Mozilla hit with Google manual spam penalty
Non-profit software organisation Mozilla has been hit with a manual web spam penalties from Google, for allowing user-generated content on its site.
Web production manager Christopher More took to Google’s Webmaster forums to share the message received:
“Google has detected user-generated spam on your site. Typically, this kind of spam is found on forum pages, guestbook pages, or in user profiles. As a result, Google has applied a manual spam action to your site.”
More said he was now unable to find any such content. However, Google spokesperson John Mueller responded by saying the pages in question may have been removed from SERPs. Furthermore, he explained the penalty in question is “granular” – it may be restricted to the spammy pages or subdomains, leaving the main Mozilla site unaffected.
Mueller explained it is Mozilla’s spammy and unmoderated blog comments that “look particularly bad”, which may worry webmasters. However, he also provided some tips for those facing a similar penalty:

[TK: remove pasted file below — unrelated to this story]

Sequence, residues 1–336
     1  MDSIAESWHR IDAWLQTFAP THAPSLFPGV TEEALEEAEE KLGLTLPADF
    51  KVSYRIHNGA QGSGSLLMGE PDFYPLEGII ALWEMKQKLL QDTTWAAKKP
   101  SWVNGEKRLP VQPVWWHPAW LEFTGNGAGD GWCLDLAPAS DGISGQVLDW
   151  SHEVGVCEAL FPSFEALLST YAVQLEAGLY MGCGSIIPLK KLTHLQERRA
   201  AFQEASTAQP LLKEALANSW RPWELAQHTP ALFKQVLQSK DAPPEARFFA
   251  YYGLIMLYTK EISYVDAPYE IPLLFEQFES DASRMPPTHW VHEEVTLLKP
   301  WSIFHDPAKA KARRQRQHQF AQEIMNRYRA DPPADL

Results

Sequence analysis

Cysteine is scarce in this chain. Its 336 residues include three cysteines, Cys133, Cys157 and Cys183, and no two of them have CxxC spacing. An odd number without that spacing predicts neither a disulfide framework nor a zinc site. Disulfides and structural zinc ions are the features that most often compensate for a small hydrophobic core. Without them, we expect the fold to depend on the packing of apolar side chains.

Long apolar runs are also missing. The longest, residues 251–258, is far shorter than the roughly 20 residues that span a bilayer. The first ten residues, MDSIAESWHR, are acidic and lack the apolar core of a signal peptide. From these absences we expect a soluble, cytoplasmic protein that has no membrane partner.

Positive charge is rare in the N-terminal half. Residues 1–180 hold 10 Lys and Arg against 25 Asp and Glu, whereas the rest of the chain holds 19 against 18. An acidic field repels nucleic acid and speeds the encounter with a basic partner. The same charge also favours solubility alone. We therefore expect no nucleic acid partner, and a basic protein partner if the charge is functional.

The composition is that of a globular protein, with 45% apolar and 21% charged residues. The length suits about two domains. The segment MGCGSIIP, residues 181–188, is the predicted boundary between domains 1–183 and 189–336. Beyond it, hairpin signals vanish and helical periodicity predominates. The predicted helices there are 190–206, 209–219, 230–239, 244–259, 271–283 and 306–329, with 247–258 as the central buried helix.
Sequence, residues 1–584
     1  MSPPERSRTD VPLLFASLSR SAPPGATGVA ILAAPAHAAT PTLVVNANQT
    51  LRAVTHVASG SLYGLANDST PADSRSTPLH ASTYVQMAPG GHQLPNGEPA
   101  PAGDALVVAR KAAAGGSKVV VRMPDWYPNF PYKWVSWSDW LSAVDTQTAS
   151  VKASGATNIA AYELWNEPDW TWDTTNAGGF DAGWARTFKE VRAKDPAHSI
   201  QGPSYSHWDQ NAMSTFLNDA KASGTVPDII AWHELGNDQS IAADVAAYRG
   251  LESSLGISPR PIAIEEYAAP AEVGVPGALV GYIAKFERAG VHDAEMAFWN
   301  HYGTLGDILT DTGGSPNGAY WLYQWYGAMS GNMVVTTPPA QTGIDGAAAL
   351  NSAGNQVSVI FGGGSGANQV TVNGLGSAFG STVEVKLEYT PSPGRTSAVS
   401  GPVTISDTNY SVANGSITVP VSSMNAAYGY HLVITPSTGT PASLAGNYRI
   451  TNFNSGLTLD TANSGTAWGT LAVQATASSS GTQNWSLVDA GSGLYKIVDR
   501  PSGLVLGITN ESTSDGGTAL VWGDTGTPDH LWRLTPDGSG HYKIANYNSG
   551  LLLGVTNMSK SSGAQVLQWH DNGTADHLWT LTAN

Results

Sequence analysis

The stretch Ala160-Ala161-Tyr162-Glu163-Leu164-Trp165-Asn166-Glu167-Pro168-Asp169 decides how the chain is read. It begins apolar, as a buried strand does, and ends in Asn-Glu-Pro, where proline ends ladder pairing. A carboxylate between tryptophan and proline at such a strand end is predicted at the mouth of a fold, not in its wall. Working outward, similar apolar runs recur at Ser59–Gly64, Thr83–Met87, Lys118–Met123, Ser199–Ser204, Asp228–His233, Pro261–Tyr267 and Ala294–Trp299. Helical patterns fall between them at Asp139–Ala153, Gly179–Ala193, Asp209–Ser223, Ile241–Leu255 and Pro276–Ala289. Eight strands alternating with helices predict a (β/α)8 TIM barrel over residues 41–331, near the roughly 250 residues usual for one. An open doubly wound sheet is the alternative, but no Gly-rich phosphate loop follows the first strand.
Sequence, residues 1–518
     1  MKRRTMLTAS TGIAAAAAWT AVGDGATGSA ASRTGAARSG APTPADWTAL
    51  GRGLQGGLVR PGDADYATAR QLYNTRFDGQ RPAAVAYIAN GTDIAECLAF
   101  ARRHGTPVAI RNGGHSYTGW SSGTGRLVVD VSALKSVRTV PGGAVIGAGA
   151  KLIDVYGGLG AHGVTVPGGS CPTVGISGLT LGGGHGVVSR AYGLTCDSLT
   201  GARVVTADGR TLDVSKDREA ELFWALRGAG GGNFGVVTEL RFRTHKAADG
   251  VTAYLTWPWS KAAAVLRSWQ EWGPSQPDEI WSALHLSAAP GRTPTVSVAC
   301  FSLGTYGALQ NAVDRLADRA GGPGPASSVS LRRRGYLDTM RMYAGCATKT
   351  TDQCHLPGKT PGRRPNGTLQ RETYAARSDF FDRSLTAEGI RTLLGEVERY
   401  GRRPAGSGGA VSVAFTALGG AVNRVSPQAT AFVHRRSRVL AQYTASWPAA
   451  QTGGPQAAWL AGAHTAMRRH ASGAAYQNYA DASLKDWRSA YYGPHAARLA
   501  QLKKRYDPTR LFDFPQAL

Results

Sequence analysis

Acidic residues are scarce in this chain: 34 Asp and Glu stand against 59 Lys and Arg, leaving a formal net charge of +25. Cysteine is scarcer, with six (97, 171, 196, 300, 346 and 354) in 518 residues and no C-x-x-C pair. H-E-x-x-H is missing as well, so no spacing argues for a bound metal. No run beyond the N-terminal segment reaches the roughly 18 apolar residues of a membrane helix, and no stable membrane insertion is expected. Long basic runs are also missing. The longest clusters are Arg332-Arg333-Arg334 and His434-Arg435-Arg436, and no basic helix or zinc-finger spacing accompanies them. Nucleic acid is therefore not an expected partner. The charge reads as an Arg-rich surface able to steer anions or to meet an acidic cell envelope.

- Allow community members to flag spam
- Use rel=nofollow across all blog comments
Matt Cutts later joined the discussion to explain the penalised URL contained an astonishing 12 megabytes of spam from 21,169 different comments.
The webspam crackdown
This is not the first time a high profile organisation has been subject to a Google spam penalty. The BBC asked Google for help in March after receiving an unnatural link warning with no clue as to where the link might be. Again, Google responded saying it was a granular penalty against a single offending article.
Other sites have not been so lucky. A crackdown on paid links in February saw Interflora disappear from rankings for 11 days, losing countless customers in the process.
Adrian Mursec, senior developer at theEword, commented: “As Google becomes more transparent in its spam penalties and discusses it in the public arena, webmasters have the chance to learn from the mistakes of others. It’s clear that blog comment spam won’t be tolerated, so it’s vital that webmasters take action against it; of course, this will benefit the user experience as well.”